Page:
LONDON: Almost half of shoppers in the UK intend to keep a tight rein on their Christmas spending, as habits inculcated over the past few years of economic downturn become second nature.
For its new report – WindowOn … Spending Habits – shopper research agency Shoppercentric surveyed more than 1,000 adults and found that 44% of UK consumers said they needed to keep to a strict budget this year. And 29% agreed that the economic downturn had taught them to be careful and they wanted to keep it that way.
Further evidence of the continued straitened circumstances of the nation came in the statistic that only 5% of those surveyed said they had more money available this year and would be spending more than last year.
"The powers that be may be telling us that the UK is in growth again but our research shows 60% of UK shoppers are still experiencing rising costs while their income remains static and a further 14% are dealing with a job loss or pay reduction," said Danielle Pinnington, managing director at Shoppercentric.
But she expected that shoppers would be not be depriving themselves, rather "using their carefully honed savviness to make their money stretch further".
With that in mind, two thirds of shoppers (65%) said they would choose the channel – online or in-store – that gave them the best price.
And just as many expected to make gift purchases in store (78%) as online via desktop or laptop (77%). Further, some 19% planed on buying via a tablet and 14% via their smartphone.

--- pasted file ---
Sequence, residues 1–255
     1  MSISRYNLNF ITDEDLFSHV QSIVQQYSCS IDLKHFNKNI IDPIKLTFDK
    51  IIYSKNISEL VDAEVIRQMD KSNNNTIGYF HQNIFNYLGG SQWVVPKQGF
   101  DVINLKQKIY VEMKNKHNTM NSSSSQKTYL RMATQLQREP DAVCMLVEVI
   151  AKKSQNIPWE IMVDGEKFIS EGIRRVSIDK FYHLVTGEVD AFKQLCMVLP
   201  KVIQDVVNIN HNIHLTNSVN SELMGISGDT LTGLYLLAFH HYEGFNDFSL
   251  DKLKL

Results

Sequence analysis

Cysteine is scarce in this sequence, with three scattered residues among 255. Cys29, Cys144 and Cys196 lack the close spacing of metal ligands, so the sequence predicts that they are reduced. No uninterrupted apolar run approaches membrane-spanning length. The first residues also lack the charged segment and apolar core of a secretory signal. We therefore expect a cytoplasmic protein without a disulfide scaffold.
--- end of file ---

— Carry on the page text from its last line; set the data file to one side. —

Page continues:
In addition to possible price factors, another major reason for shopping online was imply to avoid the crowds – 47% expressed this sentiment. But slightly more (50%) were prepared to brave the hordes to ensure they got the right present.
One in five (21%) also refused to shop online amid worries a present would not be delivered on time.
Pinnington argued that the rise in popularity of click & collect would help to drive more shoppers in-store. This, she said "presents retailers with a huge opportunity to really lay on the ambience, and roll out the tempting displays to play to their strengths and encourage incremental purchasing.
"If they could tempt each of those customers to pick up just one extra item in addition to their parcel collection, retailers will be able to deliver a seriously big uplift in sales," she said.
Data sourced from Shoppercentric; additional content by Warc staff